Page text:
“He couldn’t even crawl when we got him and there was absolutely no communication at all,” Heather said. “He was completely non-verbal.”

As soon as it was possible, the Terry’s enrolled Eli in Early Steps programs where he started getting speech therapy once a week. While appreciative of the program, they knew their special needs child would need much more.

“Both Reid and I went to high school with Anna at Harrisonburg and we knew what she was doing with the horses so naturally we knew Eli would benefit greatly from Spirit Reins,” she continued. “He started with the office sessions in 2012 and by August of 2014 he was finally big enough to start riding the horses. That’s when we really noticed a drastic difference.”

Heather said riding the horses affected so much more than just his speech though.

“Every aspect of Eli has improved, including his coordination and balance, so much so that since he started working with Anna and the horses just three years ago he is now active in all types of sports including soccer and basketball,” she said. “I believe it’s the motion of the horse that relaxes the muscles and allows them to work together that has made such a huge impact.”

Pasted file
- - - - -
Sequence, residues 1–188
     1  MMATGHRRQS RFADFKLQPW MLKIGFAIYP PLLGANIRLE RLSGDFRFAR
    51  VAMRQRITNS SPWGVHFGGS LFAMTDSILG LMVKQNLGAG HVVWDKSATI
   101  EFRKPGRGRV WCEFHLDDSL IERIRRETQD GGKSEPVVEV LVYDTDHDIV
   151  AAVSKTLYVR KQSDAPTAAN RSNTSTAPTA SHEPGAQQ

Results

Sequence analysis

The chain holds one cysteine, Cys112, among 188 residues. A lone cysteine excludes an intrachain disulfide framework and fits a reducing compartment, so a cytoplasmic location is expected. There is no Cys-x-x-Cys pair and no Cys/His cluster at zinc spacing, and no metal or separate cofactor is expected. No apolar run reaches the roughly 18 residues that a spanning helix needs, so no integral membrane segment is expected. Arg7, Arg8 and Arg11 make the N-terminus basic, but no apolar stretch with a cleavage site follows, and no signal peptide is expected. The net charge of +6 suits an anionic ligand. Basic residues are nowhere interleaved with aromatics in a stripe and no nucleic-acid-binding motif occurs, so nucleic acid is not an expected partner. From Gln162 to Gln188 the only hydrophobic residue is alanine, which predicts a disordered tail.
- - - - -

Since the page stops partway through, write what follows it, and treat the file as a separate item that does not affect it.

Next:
While there were other factors involved in getting Eli from a non-verbal child who could only sit to an active first grader at Jena Elementary, the Terry’s firmly believe without Spirit Reins they would have never seen this type of dramatic change.

At Spirit Reins, success stories like Eli’s occur every year and Anna considers it a privilege to minister to those with special needs, especially children.

“I feel anytime you are providing a therapy service to an individual with special needs you are ministering to their needs and demonstrating Christ’s love,” she said. “We have been blessed with support from our community and have been able to help many families in our area and in the surrounding areas over the last 8 ½ years.”

Because of that community support, 100 percent of all patients at Spirit Reins receive funding help.

“No insurance covers what it costs to provide a speech therapy session incorporating hippotherapy,” Borne said. “The funds we raise help us provide this service to families who do not have the ability to pay.”

Heather Terry agreed, noting that she can’t imagine the amount they pay covers Anna’s fees, much less the large amount of money it cost to keep the special horses trained for the therapy sessions.

For that reason, the non-profit has several ways the public can assist in providing the necessary funds needed to keep this valuable service available in this area. (See “Ways To Support” box.)

Their annual “Run for the Reins 5K Run/ Walk” and pancake breakfast is set for this Saturday, September 30, at the Harrisonburg Farmer’s Market in Harrisonburg, LA. Registration begins at 7:45 AM with the race starting at 8:30 AM. Visit www.spiritreinsequinecenter.com for more information.